Tanner Smith stepped on the mat for the Class 6A 106-pound championship match on Saturday at Hartman Arena, and that was all it took to become a state champion.
Smith was left without an opponent in the finals after Junction City’s Gary Joint, ranked No. 1 in the class, had to forfeit and was not present due to a non-wrestling incident that occurred after Friday’s matches.
“Not being able to wrestle in the finals was kind of hard,” Smith said. “It’s still weird. I just wish I would have wrestled and actually won to be a state champion, but I can’t do anything about it now.”
Junction City also had to forfeit another state championship match, as Andrew Millsap, a defending state champion, had to forfeit the 152 final for the same reason. All points Joint and Millsap scored on Friday were nullified, leaving Junction City, ranked second entering the tournament, without 45 points of its expected output and in seventh place.
“I’m disappointed for our team, mostly,” Junction City coach Bob Laster said. “We had an opportunity to win a trophy. That’s the biggest thing I’m disappointed with, as far as how it affected our team.”
Derby coach Bill Ross did not think the strange circumstance in how Smith won diminished the thrill of being a state champion.
“He deserved to be a state champion, irregardless of the situation,” Ross said.
The one missing trophy is what is driving Ross.
“We’re still looking for that trophy that say No. 1 on it,” Ross said. “We’re going to keep coming back here and keep working hard until we bring home that trophy that has a ‘1’ on it.”
Ross knew Derby would need a near-perfect weekend of wrestling to beat Garden City, the overwhelming favorite. The Panthers wrestled well, sending four through to the finals and keeping 12 of 13 alive for the second day.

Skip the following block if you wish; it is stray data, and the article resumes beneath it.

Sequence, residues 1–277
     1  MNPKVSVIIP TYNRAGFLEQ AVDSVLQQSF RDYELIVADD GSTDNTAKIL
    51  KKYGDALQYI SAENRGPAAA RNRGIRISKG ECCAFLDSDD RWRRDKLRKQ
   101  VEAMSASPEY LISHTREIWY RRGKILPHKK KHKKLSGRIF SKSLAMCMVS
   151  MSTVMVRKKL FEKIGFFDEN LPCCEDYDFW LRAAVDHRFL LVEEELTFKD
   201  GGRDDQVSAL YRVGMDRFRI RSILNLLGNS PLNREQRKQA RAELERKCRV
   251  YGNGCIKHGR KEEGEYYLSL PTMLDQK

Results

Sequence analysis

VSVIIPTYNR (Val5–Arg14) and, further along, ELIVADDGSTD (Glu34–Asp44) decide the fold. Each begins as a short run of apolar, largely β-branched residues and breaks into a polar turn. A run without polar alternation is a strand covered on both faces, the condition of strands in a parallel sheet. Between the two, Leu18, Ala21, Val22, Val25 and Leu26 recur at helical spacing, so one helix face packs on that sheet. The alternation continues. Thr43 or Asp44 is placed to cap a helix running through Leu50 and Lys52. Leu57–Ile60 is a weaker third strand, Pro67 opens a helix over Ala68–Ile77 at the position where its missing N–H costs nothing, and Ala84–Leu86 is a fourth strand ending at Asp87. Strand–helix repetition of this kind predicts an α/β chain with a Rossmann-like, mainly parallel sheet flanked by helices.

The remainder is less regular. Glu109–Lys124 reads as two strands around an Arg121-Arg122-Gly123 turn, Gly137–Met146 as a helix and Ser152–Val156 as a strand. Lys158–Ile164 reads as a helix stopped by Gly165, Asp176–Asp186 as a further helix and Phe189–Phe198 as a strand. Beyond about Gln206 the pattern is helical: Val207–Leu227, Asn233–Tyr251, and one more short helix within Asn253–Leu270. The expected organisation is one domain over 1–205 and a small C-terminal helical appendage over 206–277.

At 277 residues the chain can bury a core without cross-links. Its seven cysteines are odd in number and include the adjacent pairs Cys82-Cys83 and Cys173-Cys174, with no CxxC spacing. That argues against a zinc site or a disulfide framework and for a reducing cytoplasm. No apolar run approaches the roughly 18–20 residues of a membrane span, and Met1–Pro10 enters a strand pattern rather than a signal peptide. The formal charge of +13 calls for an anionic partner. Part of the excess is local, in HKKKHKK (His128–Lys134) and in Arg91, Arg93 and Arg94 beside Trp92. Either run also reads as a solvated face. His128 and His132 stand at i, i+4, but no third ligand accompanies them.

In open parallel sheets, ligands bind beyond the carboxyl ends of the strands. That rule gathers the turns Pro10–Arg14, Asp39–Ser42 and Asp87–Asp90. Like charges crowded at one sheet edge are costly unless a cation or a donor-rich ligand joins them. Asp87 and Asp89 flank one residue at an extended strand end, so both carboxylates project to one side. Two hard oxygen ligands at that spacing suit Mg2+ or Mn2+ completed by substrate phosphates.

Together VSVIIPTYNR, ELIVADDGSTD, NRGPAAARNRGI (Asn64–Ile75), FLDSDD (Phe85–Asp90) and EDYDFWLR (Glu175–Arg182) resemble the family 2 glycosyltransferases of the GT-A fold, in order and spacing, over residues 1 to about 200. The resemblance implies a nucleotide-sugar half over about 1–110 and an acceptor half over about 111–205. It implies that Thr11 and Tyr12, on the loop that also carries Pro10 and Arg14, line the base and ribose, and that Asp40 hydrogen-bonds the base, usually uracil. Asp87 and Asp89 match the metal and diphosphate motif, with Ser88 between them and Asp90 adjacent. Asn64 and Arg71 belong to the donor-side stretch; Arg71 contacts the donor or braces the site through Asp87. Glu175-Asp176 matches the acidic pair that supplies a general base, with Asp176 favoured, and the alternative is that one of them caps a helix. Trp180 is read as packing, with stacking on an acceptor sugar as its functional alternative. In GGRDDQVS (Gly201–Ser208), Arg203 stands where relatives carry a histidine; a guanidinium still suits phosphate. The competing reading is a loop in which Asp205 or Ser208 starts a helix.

But Derby went 1-3 in the finals, as Cody McDonald (126), Garrett Xanders (138), and Mat Kissinger (220) all lost decisions in the championship match of their weight classes.
And the Panthers, a traditionally strong consolation bracket team, was only able to send Braden Dipman, who finished third at 113, and Armoni Coppins, sixth at 195, to medal matches.
Garden City finished 20 points ahead of Derby with 153½.
“Sometimes you’re happy with second and sometimes you’re sad with second,” Ross said. “I think we got the most out of our kids this year. We will not hang our heads in second.”
Franklin had moved up two weight classes to chase a championship, and now, what he had spent the entire season working for was no longer available.
It was not until an epiphany at breakfast, when Franklin began his daily routine of eating eggs, that he found an incentive.
“Why stop now?” Franklin said, repeating his thoughts. “Why not finish my wrestling career in a way that I’ll be able to look back on and say I did all that I could? You have to leave it all out there, or else there’s nothing.”
Franklin left no doubt to those questions, winning two matches on Saturday and finishing in third place after a 2-1 decision over Olathe North’s Chase Miller, his second victory over Miller in the tournament.
“He got a lot more mature this year this year and a lot more mentally strong,” North coach Jacob Johnston said. “It was hard (Friday). He could barely talk after the match. But he came back and finished the best that he could. I was proud of him.”
Northwest had three in the finals, but Dylan Beckner was the team’s only win. Shane Brock lost a 5-2 decision to Manhattan’s Kian Clemens at 132, and Saul Ortiz finished second for the straight season after a 3-1 loss to Manhattan’s Austin Chauncey.
Other placers were Jordan Bell, third at 220, Kevin Folsom, sixth at 152, and Micquille Robinson, sixth at 170.
“You’re happy with what the kids did, but you’re a little disappointed to come that close,” Northwest coach Eric Prichard said. “The kids did everything they could of done, and you can’t ask for anything more than that.”
Class 6A and 5A Parade of champions
Derby's Tanner Smith, 6A 106-pound champ